The ability to identify risks first appears in the APS capability framework (The ILS) at APS 4. In supporting strategic direction, a person is expected to ‘show judgement, intelligence and common sense’. One of the behaviours to demonstrate this component is ‘identifies risks and uncertainties of processes and tasks’. An APS 5 is further expected to take account of these risks and uncertainties in planning and priority setting. This accounting is extended to decision-making for an APS 6. Risks are not mentioned for EL1s. EL2s are expected to anticipate and seek to minimise risks. Managing risks is SES territory.
This means that while enterprise risk management is mainly the preserve of senior executives, most staff need to have skills in identifying, assessing, and managing risks. These skills are needed during projects, procurement exercises, where there is potential for fraud or risk to business continuity, and in relation to health and safety. Strategic planning exercises also need to consider risks.
What is risk?
Risk is about the chance of something happening that will have an impact on achieving objectives. It’s the effect of uncertainty, a deviation from the expected, either positive or negative.
Two types of risk are identified: strategic and operational risk. Strategic risks are those high-level risks that could impact on achieving objectives identified in strategic plans and should be considered and managed by senior executive staff.
Operational risks are those that impact on achieving objectives from the perspective of particular work units, programs, and projects. These risks are managed by the relevant senior staff for the unit.
As well as agency risks, there are also cross-agency risks, where a risk relates to more than one agency, and whole-of-government risks, which are beyond the boundaries of any one agency and call for a coordinated approach by a lead agency.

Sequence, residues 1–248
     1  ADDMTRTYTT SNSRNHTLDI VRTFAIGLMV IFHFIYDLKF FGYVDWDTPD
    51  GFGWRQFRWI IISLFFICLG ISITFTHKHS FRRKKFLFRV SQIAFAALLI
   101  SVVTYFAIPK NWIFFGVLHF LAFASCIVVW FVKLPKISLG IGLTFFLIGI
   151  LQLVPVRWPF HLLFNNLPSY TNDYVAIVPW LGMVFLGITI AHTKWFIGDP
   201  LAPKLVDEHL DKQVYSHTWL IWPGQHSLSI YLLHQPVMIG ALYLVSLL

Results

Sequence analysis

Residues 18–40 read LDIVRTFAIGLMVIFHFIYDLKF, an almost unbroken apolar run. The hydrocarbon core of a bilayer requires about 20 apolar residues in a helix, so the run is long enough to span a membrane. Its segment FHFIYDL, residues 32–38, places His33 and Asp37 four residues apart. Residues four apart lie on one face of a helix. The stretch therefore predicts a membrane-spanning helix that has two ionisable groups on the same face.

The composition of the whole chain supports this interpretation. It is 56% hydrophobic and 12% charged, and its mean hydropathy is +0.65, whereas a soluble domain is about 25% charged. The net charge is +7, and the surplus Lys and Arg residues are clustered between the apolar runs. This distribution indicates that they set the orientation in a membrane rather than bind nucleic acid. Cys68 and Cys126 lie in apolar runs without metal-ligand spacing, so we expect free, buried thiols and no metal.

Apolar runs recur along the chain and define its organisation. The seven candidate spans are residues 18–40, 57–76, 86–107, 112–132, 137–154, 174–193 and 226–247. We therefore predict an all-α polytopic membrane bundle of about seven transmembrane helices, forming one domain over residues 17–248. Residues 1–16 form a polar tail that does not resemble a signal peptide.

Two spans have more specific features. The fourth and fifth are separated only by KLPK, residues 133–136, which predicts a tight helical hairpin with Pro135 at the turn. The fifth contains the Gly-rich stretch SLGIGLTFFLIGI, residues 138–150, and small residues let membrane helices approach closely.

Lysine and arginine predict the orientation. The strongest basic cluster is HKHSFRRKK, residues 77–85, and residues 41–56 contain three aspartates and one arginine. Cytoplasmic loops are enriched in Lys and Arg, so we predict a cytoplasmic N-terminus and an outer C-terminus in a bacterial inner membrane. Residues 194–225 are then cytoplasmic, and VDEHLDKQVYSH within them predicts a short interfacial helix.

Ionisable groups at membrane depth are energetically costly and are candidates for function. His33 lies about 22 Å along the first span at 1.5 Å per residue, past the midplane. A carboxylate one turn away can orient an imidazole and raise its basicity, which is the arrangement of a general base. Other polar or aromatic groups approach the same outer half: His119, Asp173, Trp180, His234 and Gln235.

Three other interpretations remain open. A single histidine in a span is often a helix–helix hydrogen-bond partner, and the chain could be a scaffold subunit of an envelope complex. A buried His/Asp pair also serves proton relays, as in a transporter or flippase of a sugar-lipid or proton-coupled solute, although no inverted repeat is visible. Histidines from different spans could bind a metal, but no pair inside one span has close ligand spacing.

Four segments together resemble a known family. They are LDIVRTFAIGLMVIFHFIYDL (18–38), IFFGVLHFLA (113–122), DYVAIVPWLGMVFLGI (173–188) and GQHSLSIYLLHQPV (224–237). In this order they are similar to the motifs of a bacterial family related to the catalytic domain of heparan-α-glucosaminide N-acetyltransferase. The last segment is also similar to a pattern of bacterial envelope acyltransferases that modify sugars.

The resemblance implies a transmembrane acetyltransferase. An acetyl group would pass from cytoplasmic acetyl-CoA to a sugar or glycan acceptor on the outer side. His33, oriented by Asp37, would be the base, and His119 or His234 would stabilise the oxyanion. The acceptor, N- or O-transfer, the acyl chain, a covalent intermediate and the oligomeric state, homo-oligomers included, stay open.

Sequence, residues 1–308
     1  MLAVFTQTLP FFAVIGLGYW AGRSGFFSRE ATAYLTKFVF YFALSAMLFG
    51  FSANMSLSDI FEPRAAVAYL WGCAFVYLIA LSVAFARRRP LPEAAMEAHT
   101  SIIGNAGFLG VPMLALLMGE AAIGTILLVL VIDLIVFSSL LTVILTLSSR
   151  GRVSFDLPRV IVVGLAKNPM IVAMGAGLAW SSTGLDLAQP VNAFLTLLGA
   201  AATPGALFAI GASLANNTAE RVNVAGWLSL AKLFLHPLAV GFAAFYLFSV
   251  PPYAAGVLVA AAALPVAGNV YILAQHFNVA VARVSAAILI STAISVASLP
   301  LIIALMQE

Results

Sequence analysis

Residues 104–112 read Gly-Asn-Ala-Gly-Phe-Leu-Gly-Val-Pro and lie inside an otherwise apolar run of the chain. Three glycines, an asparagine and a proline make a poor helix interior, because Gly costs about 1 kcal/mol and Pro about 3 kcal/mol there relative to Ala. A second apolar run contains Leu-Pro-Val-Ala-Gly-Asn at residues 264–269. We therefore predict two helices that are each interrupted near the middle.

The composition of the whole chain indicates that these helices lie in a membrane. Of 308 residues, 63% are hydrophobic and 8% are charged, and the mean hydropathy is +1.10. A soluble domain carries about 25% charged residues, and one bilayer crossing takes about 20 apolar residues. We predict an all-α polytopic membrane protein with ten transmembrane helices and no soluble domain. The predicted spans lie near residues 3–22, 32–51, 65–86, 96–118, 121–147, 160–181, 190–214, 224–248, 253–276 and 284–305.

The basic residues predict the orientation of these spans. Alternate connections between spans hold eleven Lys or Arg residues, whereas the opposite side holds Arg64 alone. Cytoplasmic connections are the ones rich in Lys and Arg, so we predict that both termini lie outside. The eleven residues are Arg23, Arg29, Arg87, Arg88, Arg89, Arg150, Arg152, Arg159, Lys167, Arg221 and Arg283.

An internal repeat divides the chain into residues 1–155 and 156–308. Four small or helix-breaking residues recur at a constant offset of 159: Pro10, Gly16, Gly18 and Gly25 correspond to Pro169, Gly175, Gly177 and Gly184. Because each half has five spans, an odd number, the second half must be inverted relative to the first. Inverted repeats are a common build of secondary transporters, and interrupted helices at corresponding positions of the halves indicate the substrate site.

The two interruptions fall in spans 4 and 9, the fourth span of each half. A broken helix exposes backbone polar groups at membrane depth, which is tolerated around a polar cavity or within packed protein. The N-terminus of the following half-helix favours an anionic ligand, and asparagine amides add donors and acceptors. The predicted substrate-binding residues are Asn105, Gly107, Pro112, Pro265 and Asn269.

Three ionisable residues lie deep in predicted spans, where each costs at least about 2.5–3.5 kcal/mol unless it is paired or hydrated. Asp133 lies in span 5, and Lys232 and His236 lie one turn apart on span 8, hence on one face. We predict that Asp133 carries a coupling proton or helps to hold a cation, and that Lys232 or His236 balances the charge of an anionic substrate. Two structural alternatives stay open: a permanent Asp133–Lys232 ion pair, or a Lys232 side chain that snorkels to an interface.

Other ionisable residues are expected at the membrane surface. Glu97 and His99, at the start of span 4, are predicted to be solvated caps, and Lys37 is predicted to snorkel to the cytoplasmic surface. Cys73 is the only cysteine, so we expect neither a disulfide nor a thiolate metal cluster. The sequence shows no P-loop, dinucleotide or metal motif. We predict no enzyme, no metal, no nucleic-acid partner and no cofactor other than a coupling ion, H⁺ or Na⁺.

Resources about risk
What resources are available to help with understanding responsibilities concerning risk?
Commonwealth public servants need to know about the Public, Governance, Performance and Accountability Act 2013 (PGPA Act) which requires all non-corporate Australian Government entities to establish and maintain appropriate systems and internal controls for the oversight and management of risk. This Act means that agencies need to formalise how they manage risk.
In 2014 the Department of Finance released the Commonwealth Risk Management Policy (CRMP). This document sets out the expectations for agencies managing risk. The CRMP sets out nine elements that must be complied with to establish appropriate levels of risk oversight:
- Establishing a risk management policy
- Establishing a risk management framework
- Defining responsibility for managing risk
- Embedding systematic risk management into business processes;
- Developing a positive risk culture
- Communicating and consulting about risk
- Understanding and managing shared risk
- Maintaining risk management capability
- Reviewing and continuously improving the management of risk.
The APSC’s State of the Service Report 2013-2014 devotes a chapter to risk management. The chapter defines risk management as ‘the culture, processes and structures directed towards realising potential opportunities while managing adverse effects.’ The report notes that ‘risk management is an essential public service skill that is practiced daily’ and the consequences of poor risk management can ‘affect safety, as well as incur financial, administrative and/or reputational costs’. (p. 35)
The previous State of the Service reports identified that agencies needed to improve their risk-management capability and ANAO reports have identified instances where risks could have been better handled. The current State of the Service report notes that: ‘A key point that emerged from these reports is that while risks may have been appropriately assessed at the start of a project, often the project teams failed to keep the risks and controls up-to-date or recognise the implications of material changes in the risk environment that could affect success.’ (p. 37)